The present invention, however, includes logic within the trailer brake controller 10 adapted to adjust the trailer brake output 18 such that this drop off in effective brake torque is neutralized. The present invention obtains the vehicle velocity 16 (or trailer velocity) and uses this in conjunction with the effective baseline trailer brake controller output profile 60 to determine an unadjusted output 71 and an estimate of effective brake torque loss 73. The logic is then adapted to calculate a correction factor 74 that compensates for the effective brake torque loss 73 such that a constant brake torque 76 is achieved throughout the velocity range of the trailer. Although these calculations or steps are presently described in terms indicative of individual steps by the logic, it is equally contemplated that linear regression may be performed on the mapping values 19 such that the correction factor 74 may be directly computed from the intended braking input 14 and velocity input 16. The unadjusted output 71 is adjusted by the correction factor 74 to generate a corrected trailer brake output signal 75 that compensates for lost torque. The correction factor 74 can automatically make any range of partial corrections within the range of available supply voltage to provide a constant brake torque 76. In an alternate embodiment, the correction factor 74 may be utilized to increase the effective brake torque 72 as velocity increases (see FIG. 7). This allows a gradual ramp up in torque as speed increases.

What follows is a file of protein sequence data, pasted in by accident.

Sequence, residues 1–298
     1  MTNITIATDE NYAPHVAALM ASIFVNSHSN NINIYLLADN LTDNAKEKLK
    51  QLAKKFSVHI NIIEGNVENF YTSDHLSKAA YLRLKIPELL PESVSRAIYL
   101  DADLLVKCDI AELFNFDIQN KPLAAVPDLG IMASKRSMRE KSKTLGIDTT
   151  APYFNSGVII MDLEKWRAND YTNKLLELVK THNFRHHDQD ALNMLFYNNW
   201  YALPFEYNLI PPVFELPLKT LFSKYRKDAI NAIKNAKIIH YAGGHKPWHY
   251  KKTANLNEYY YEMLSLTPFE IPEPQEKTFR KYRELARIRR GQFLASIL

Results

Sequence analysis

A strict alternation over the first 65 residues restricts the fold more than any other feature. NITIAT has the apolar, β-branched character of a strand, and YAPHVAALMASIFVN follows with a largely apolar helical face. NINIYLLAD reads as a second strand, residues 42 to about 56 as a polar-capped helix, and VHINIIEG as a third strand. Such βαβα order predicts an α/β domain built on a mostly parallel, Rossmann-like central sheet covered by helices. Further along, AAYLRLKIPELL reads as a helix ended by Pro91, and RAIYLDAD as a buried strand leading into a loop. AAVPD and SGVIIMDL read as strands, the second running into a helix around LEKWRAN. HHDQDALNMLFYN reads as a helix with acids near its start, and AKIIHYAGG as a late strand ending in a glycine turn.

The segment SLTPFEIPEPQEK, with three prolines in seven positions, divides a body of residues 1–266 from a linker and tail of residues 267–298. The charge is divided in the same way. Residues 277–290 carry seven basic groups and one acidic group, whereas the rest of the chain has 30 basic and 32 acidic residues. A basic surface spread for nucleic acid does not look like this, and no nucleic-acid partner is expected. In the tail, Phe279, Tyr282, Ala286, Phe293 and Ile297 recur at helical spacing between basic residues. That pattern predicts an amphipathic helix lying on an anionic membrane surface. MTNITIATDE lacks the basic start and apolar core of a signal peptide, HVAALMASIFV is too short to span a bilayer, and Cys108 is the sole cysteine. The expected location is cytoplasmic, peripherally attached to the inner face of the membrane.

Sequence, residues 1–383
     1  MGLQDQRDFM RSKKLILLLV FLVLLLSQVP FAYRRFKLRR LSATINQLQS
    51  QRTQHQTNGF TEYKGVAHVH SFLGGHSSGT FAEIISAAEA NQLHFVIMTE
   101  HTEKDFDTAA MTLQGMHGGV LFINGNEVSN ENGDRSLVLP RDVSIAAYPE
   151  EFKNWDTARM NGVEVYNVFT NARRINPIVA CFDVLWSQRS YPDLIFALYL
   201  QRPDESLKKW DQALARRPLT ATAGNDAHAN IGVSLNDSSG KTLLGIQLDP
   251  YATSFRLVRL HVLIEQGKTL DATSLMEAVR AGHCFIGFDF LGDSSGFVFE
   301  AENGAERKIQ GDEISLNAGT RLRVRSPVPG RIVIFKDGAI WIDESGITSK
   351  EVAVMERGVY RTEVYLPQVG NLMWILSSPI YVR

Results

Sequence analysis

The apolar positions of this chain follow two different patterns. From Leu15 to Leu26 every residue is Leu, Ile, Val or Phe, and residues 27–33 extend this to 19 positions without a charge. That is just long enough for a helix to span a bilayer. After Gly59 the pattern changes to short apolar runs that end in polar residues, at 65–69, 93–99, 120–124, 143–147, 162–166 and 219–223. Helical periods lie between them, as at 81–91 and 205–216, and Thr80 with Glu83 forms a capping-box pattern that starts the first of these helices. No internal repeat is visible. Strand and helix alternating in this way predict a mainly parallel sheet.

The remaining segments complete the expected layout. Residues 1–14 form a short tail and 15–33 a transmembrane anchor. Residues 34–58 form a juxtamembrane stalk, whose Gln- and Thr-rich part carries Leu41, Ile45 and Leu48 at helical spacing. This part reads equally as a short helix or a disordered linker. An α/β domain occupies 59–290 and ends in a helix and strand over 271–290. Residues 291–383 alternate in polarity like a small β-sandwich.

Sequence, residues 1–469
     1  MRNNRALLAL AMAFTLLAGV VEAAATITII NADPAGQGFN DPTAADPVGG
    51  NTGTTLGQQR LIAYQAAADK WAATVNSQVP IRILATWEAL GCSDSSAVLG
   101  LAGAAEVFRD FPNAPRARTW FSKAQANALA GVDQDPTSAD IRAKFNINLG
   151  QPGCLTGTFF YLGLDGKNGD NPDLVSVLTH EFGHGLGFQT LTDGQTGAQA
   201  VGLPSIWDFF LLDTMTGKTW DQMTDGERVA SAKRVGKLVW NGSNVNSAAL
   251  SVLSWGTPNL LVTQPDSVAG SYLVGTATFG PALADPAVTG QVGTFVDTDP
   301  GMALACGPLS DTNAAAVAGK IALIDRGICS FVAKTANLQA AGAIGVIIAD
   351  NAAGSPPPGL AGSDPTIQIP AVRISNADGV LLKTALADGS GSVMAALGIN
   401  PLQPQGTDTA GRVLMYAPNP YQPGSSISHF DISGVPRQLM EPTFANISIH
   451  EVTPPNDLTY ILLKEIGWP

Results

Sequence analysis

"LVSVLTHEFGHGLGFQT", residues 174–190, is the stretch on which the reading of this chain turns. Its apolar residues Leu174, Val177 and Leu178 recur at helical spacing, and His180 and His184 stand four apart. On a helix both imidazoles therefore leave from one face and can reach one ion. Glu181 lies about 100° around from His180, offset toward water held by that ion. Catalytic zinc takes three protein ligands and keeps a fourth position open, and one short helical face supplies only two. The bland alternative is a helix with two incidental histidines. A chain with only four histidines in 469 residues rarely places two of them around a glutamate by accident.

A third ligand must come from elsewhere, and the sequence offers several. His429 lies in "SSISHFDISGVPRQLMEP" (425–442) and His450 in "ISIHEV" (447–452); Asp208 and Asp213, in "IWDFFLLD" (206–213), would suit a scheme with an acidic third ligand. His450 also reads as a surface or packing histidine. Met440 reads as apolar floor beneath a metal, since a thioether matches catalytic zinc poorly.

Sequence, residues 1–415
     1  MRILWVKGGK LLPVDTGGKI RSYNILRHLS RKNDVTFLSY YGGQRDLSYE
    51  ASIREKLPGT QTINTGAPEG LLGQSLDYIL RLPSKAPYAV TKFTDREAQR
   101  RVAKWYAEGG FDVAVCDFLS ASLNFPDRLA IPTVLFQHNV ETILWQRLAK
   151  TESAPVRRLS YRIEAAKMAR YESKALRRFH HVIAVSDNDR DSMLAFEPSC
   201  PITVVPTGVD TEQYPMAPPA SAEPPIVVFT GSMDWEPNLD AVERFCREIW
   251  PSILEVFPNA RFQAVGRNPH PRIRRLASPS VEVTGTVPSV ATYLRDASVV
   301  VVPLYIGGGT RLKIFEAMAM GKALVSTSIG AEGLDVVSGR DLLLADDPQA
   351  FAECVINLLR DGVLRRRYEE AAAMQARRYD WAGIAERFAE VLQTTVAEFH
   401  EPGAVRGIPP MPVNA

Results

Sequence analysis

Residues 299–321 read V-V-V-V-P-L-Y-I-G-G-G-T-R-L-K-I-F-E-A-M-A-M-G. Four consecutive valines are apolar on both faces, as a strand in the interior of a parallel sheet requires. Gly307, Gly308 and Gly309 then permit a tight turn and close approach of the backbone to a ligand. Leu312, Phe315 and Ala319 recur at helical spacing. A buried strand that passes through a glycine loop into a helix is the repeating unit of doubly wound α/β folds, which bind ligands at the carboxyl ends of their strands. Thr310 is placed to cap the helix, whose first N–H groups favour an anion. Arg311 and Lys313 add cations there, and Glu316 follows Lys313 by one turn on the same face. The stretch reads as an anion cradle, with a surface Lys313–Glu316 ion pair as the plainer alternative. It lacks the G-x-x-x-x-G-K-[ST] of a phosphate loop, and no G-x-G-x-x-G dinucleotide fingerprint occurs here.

The preceding discussion involved compensating for effective brake torque losses at increased vehicle velocities. It is known, however, that trailer brake performance suffers at low vehicle velocities as well. The low velocity performance issues arise from the physics of electrically actuated dual-servo drum brakes. At very low vehicle speeds, namely less than ten miles per hour, application of the unadjusted output 71 can result in brake grabbing or temporary seizing. This provides undesirable feel to the operator. The present invention, therefore, further includes logic adapted to utilize the correction factor 74 to reduce brake grabbing. This is accomplished by decreasing the trailer brake output 18 at low vehicle speeds 16 to the point where brake grabbing is alleviated. Although a simple reduction in controller output may be implemented, the present invention contemplates the development and use of a brake torque reduction curve 78 specifically adapted to minimize brake grab while maintaining optimal braking performance.